Trans-Asia as method seminar: Japan, the war, and post-war recriminations: Rethinking the end of the Japanese Empire

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Date(s) - 22/08/2013
3:00 pm - 5:00 pm

ACJC Seminar Room Building H, 8th Floor (H8.06 H8.05)



Trans-Asia as method seminar

Japan, the war, and post-war recriminations: Rethinking the end of the Japanese Empire

22 August, 3-5pm, ACJC Seminar room, 8th floor, H Building, Caulfield campus


Speaker: Dr. Beatrice Trefalt

Discussant: Prof. Bruce Jacobs


Japan, the war, and post-war recriminations: Rethinking the end of the Japanese Empire

The long shadow cast by Japan’s aggression in Asia in the first half of the 20th century continues to affect Japan’s relations with its neighbors. Current sovereignty disputes over the Diaoyu/Senkaku Islands, the Dokdo/Takeshima Islands and the Kuriles are deeply mired in lingering regional resentments over Japan’s imperialist expansion and wartime aggression. Less well-known internationally are the domestic rifts that the mid-twentieth century war continues to create in Japan itself nearly 70 years after its end. Examples include the anti-American base movement in Okinawa, debates about the peace clause (Article 9) in the current Japanese constitution, debates about commemoration of fallen soldiers, and debates about the contents of school textbooks. The prospects for domestic and international reconciliation are inhibited by competing versions of nationalism’s and the apparently constant relevance of symbolic nationhood as a core determinant of group and individual identity.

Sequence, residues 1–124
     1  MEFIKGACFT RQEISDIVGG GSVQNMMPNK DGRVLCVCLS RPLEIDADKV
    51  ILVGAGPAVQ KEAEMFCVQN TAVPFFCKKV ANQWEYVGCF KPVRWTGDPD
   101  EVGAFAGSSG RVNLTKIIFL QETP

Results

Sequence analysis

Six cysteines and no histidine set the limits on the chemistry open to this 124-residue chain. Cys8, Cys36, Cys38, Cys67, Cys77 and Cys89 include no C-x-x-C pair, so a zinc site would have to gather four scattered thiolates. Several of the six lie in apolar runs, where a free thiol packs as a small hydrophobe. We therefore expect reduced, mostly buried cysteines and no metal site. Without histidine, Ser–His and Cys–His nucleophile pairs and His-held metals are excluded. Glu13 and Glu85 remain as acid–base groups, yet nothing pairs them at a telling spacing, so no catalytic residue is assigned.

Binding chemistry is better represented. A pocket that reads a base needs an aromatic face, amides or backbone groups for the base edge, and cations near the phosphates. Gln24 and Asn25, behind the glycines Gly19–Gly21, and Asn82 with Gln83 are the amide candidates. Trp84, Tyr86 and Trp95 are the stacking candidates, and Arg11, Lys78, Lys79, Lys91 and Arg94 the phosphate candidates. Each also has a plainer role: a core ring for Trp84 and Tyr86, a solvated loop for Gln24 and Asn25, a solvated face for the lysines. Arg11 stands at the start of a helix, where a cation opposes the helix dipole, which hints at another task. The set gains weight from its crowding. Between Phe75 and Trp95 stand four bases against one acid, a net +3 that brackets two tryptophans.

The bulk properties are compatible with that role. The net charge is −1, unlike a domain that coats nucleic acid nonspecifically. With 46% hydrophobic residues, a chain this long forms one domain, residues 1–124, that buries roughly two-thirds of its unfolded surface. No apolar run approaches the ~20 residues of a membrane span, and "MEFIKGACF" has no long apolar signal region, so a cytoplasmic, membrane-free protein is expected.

This paper seeks to rethink some of the origins of such issues by returning to 1945 and the end of the Japanese Empire. Specifically, it focuses on the victorious Allies (and especially the U.S.)’s attempt to disassemble the Japanese Empire into component parts of and reorganize the region according to perceived and assumed notions of ethnicity and nationality. While much of the population movements provoked by this dissembling were relatively unproblematic and uncontested, there were also instances in which policies were contradictory, and reveal the constructed nature of national identity. This paper revisits aspects of the repatriation of Koreans and Chinese out of Japan, of the repatriation of Japanese out of China and Korea, and the indictment of Taiwanese and Korean soldiers as ‘Japanese’ war criminals. It also examines the preparations for the repatriation of the ‘Japanese’ population of the small Pacific Islands of Saipan and Tinian, which provides specific insight into American post-war planning and assumptions of Japanese ethnicity.